Monday, 1 June 2015

Archive Review: Before Jamaica Lane by Samantha Young

The bit on the back…

Edinburgh was going to be a fresh start for Olivia Holloway. Crippled by shyness around the opposite sex, Olivia nevertheless meets gorgeous postgraduate Nate Sawyer and decides it is time to push her fears aside.

Before long, Olivia and Nate form a close friendship and she finds herself confessing her deepest secrets, and Nate, being her best friend, offers to teach her the art of flirting. As Olivia and Nate's friendship turns intense it soon blossoms into a passionate love affair.

For the first time Olivia opens her heart but what she doesn't realise is that Nate has his own fears and just when she finds herself hopelessly falling for him, Nate's past returns to haunt him.

Will Nate have the courage to confide in Olivia, or will he cut and run? And can Olivia face up to her own fears and keep him?

I have been anticipating this book for AGES. Since, infact, the lovely Samantha told us it was going to be a book. I am in love with the On Dublin Street series. Actually in love. I love Samantha’s writing style, it just pulls you in and plonks you right in the story beside the character and it’s just freakin’ awesome.

This is the third book in the On Dublin Street Series. It’s preceded by two books and two novellas, review for which you can find here, under Samantha Young. It is the story of Olivia and Nate. Both are secondary characters in the second in the series, Down London Road (main characters are Jo and Cam). Olivia is introduced to us when she moves to Edinburgh with her Scottish dad, who is Jo’s uncle, but is more like the dad she never had. Nate is Cam, Jo’s boyfriend’s, best friend, and even in Down London Road we get a flavour for just how big a player he is.

Olivia is in Edinburgh for a new start. A new start away from the loss she suffered in America, and has found herself adopted into a “makeshift tribe” – as Samantha refers to it – of friends, who are more like a family. Including the gorgeous player that is Nate Sawyer. Olivia is not confident when it comes to having anything to do with the opposite sex and so when she feels like her inexperience is holding her back she seeks out Nate’s help and he offers to tutor her in the art of all things opposite sex – flirting, kissing and more. When the “more” starts to blur the line between friendship and something more serious, denial kicks in and threatens to rip them both apart.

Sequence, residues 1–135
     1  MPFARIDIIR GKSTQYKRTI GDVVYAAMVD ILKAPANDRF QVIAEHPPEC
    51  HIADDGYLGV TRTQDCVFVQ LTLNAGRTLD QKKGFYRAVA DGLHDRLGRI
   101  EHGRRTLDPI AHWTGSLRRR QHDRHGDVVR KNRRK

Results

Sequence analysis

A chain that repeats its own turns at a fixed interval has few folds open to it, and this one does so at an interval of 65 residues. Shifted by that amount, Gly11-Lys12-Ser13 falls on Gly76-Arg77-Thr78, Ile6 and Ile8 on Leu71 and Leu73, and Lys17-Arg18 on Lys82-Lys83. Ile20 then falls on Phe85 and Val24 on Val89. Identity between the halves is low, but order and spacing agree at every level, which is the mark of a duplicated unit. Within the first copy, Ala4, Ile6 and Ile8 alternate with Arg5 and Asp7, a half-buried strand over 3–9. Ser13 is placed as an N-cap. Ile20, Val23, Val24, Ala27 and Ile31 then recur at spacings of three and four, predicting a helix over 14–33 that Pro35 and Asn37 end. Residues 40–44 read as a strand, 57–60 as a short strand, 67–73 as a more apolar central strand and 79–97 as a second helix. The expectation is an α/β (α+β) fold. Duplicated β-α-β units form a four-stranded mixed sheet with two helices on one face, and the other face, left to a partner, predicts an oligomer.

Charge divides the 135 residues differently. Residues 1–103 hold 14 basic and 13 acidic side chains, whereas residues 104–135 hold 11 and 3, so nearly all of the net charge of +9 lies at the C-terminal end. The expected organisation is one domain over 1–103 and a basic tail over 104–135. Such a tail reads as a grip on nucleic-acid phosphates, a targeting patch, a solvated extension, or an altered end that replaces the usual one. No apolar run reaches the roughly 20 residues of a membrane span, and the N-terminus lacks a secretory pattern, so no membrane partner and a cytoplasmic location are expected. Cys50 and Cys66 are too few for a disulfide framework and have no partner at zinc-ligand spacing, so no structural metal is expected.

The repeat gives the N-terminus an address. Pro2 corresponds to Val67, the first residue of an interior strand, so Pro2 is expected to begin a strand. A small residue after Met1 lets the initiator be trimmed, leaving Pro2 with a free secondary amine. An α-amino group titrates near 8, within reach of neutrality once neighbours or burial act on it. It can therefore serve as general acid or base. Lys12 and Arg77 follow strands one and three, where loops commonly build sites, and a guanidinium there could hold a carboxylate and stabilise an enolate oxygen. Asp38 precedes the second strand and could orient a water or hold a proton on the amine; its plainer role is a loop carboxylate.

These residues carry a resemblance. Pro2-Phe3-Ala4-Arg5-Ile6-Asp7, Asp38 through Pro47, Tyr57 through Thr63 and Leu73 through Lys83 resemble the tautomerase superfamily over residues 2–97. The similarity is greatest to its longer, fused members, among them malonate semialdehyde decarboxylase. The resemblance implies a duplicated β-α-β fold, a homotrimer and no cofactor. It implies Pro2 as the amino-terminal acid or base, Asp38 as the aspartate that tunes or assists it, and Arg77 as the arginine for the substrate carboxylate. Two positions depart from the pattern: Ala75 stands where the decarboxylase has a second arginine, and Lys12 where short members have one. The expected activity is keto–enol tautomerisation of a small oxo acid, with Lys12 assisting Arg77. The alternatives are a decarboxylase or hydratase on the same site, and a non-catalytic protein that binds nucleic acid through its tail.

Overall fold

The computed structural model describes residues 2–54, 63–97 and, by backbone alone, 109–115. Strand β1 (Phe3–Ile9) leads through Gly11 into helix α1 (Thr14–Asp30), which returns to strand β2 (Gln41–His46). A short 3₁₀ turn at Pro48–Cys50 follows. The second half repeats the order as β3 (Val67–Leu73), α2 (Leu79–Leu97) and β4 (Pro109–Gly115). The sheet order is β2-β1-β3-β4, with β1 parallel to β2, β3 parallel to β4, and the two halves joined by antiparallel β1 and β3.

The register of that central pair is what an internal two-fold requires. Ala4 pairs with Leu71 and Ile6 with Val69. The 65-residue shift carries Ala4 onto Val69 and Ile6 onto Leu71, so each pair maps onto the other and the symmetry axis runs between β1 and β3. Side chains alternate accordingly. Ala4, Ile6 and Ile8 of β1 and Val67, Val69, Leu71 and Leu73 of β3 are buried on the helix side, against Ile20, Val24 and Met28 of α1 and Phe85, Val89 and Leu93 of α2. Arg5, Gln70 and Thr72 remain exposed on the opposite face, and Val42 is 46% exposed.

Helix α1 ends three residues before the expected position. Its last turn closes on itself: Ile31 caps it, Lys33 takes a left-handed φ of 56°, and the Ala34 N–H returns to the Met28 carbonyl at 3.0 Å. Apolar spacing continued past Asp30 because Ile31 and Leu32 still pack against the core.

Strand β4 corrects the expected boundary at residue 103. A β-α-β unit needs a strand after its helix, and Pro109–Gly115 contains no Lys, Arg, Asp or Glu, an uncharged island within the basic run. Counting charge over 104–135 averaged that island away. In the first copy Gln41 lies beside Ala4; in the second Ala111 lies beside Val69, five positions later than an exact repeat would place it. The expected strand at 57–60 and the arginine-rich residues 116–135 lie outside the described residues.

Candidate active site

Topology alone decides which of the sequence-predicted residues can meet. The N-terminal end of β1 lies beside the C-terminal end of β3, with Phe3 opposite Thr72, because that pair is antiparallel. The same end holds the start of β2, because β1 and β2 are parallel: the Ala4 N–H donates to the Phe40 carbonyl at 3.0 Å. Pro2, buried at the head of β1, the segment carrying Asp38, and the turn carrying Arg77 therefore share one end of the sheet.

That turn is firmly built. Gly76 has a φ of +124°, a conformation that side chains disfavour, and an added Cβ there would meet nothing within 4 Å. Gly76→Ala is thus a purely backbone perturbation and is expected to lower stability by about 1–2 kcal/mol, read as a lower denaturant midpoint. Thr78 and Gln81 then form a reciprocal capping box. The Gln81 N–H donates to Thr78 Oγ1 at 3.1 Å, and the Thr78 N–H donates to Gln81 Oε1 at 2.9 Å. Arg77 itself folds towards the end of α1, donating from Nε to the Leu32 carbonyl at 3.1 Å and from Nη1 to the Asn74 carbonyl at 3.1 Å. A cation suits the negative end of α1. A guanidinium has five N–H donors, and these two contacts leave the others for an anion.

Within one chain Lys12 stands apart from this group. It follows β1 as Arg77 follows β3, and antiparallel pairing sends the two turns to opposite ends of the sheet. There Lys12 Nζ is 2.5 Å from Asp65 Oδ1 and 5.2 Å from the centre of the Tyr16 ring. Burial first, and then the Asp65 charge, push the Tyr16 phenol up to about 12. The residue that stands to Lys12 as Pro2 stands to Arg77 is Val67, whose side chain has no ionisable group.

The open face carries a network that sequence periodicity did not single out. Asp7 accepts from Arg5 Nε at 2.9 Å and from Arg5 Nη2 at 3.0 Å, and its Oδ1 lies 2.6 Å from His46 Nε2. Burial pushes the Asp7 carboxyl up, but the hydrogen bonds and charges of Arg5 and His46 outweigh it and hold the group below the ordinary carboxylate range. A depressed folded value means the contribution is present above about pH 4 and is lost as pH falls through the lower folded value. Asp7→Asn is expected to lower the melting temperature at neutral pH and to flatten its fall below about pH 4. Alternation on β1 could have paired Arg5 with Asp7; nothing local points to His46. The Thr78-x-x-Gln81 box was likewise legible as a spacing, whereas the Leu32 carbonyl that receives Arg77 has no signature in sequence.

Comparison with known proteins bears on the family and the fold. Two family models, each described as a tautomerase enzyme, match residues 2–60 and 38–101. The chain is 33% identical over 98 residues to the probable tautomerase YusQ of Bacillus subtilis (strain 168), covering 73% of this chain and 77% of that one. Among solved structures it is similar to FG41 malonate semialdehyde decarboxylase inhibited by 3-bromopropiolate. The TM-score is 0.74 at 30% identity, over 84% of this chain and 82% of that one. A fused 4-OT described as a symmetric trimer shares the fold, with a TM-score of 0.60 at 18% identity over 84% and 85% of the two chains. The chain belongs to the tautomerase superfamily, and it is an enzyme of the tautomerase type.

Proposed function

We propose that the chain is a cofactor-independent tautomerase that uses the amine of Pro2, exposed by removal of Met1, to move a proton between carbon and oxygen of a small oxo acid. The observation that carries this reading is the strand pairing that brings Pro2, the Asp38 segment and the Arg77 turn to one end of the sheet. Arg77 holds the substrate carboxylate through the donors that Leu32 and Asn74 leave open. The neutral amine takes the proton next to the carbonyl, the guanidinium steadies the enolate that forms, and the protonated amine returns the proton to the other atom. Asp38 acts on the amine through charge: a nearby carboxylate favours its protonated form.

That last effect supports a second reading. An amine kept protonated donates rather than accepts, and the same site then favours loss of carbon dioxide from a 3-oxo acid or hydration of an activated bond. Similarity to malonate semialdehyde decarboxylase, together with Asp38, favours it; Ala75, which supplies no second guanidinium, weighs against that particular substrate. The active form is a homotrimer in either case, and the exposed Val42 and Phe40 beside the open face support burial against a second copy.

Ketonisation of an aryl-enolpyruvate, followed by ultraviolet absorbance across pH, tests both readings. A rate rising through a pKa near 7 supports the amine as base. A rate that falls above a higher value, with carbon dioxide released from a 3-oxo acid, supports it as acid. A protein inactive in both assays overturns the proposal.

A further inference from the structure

The story itself is set in Edinburgh, but with ties to the USA which is similar in other books in the series. I wasn’t sure at first about reading a book set in Scotland when I first read On Dublin Street, but my mind was totally changed and I love that it’s set in a place that I know. Another thing I wasn’t sure about was reading a story written by a Scottish author, and having the characters speak with a Scottish dialect, using Scottish slang. My mind was eased when I realised that Sam, although fitting in some “Scottishisms”, doesn’t have her characters talking with a Scottish dialect constantly! There’s nothing fitter than a Scottish guy, so it’s not hard to love reading about them.

Olivia is American, and in spite of this, some Scottish is wiggling its way into her personality and that comes through sometimes which is quite funny to read. The whole story is told from her point of view only, which is common with the rest of the series but you totally know how Nate is feeling, through his characterisation, the description of his actions and the words he uses. He’s a pretty sexy guy, and when it comes to instilling confidence in Liv he appears to have been born to do it. Their relationship is passionate and hot, and loving and has this deep, deep friendship that just ties them together. The story might seem like it’s a bit predictable, and to be honest I quite like that, there’s nothing wrong with a little bit of predictability about the ending, it’s the middle of the story, the getting there from the beginning to the end that has you in a total tail spin as you feel everything the characters feel and your emotions are as up and down as theirs.

One thing Olivia and Nate both have in common is grief and loss. Samantha writes about loss so heart-wrenchingly beautifully and that appears to be down to her own experiences. The loss that they’ve both suffered from is different, but no less hard to come to terms with, to live with, and to have closure and live on after it. They find within one another someone who shares the same thoughts and feelings and this solidifies Olivia and Nate’s friendship and is the foundation for the wonderfully close relationship they have.
I loved this story. I read it in one day. I want to tell everyone I can about the whole series and just how great Samantha’s books are. Big, huge, massive fan, plus she’s Scottish so that makes me kind of proud!

I laughed, I cried, I want to re-read it.

Read the entire series, you won’t regret it.

Erin x

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